The Kansas City Royals signed Chris Owings to a contract on December 5, but the might have pulled the trigger a little too soon.
Chris Owings deal is a one year, three million dollar deal, which is not bad by any means. It just seems that based on recent trends the Kansas City Royals could have gotten a more productive utility man at a much cheaper price.
The plan is to use Owings all around the infield to the point where he will be getting regular at-bats. It seems the Royals are going to try to get every bit of the money they owe him, if not more.
Owings has played in 580 games over his career and accumulated a career fWAR of 1.2. It was higher before his -0.8 performance from a year ago. There is no doubt that the Royals wanted him for his defensive versatility.
There are plenty of defensively versatile players though. The gold standard for super utility this offseason was Marwin Gonzalez, who recently signed with the Twins. He can play everywhere, just like Owings, and was worth 1.6 fWAR just last year. His contract is worth 21 million dollars over two years.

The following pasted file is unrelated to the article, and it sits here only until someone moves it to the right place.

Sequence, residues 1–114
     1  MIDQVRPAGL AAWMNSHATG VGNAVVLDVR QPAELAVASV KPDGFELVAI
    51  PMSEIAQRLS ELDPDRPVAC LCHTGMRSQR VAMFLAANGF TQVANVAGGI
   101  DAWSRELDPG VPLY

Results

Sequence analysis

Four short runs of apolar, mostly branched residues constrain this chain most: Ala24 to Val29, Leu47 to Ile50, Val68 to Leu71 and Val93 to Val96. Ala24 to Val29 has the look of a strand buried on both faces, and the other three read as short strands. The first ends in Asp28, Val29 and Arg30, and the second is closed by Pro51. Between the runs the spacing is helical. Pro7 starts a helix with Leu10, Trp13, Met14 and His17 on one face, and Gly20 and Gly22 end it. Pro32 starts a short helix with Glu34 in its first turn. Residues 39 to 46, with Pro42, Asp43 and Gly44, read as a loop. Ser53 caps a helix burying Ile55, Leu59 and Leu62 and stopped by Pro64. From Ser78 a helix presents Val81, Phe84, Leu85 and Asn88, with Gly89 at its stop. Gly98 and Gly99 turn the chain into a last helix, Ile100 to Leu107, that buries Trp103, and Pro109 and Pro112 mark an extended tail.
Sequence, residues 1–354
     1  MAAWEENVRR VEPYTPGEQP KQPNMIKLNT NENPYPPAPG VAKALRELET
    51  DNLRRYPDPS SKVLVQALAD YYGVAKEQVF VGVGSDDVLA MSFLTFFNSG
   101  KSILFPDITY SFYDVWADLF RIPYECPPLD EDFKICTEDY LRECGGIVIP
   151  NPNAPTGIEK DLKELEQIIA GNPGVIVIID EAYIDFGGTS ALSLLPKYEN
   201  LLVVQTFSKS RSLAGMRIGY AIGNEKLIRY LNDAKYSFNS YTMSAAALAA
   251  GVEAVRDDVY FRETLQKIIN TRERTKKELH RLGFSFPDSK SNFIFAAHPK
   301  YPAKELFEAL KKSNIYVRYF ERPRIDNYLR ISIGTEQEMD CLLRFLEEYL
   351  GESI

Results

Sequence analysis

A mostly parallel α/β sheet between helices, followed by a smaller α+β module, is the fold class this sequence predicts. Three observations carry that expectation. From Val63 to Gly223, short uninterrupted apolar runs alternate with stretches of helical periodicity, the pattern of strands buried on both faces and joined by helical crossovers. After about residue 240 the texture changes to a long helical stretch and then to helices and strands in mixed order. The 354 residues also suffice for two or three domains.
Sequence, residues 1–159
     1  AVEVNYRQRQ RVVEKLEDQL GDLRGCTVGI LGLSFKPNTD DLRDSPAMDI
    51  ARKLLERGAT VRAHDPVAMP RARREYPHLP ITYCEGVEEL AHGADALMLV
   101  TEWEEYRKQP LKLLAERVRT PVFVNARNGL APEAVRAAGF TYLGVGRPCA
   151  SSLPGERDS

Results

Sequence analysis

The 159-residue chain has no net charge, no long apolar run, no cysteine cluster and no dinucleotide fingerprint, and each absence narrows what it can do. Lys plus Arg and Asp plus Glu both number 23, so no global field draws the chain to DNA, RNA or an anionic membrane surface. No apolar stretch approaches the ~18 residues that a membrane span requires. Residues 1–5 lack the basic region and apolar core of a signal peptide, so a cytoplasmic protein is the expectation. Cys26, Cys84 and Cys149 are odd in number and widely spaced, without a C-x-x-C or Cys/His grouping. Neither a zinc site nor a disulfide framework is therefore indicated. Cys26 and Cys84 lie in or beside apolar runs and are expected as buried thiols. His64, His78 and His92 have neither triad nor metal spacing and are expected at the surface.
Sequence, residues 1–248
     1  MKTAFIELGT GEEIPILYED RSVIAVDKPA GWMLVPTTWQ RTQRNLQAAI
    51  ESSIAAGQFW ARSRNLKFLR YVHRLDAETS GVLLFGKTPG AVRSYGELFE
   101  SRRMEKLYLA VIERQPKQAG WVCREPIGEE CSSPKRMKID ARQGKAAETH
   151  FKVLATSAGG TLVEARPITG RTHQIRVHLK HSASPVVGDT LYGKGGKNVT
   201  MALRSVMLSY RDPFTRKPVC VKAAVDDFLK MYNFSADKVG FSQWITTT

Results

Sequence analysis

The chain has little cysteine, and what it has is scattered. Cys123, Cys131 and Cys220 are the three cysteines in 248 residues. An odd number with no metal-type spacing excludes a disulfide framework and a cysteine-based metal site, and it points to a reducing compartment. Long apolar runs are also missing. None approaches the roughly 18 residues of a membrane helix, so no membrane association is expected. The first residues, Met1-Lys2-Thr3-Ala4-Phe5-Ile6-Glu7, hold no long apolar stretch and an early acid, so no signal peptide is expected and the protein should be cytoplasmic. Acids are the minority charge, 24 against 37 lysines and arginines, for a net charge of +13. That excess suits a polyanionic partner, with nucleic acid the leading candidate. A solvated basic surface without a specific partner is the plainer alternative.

Or, take Josh Harrison who just signed with the Tigers. He was worth 0.3 fWAR thanks to an injury that shortened his season to 97 games. In his last healthy year, he played 128 games an was worth 2.6 fWAR. He struck a one year deal worth two million dollars.
Being able to play all around the infield is very helpful, but it seems that if the Kansas City Royals wanted to , they could have waited to get a better option for cheaper. Jose Iglesias has a very good glove and is still unsigned.
Even at his peak, a strong defensive option is all he ever was. The bat has never been Owings strong suit. However, he has run into some pretty good money anyway.
The answer is yes, the Royals could have gotten a more productive player for cheaper. But the thing is that no one could have predicted this free agent market. No one would have guessed that Bryce Harper would remain unsigned as teams are getting set to play their Spring Training openers.
At this point, it becomes a matter of why risk it? These players signing for cheaper did not start at these prices, they needed to settle at them. This time the wait and see game paid off for teams, but that was not a guarantee.
The Kansas City Royals have a versatile defender at a cheap cost. They succeeded in their end goal. Cheaper or not, no one is going to complain about three million dollars. And if they want to, Owings is gone at season’s end.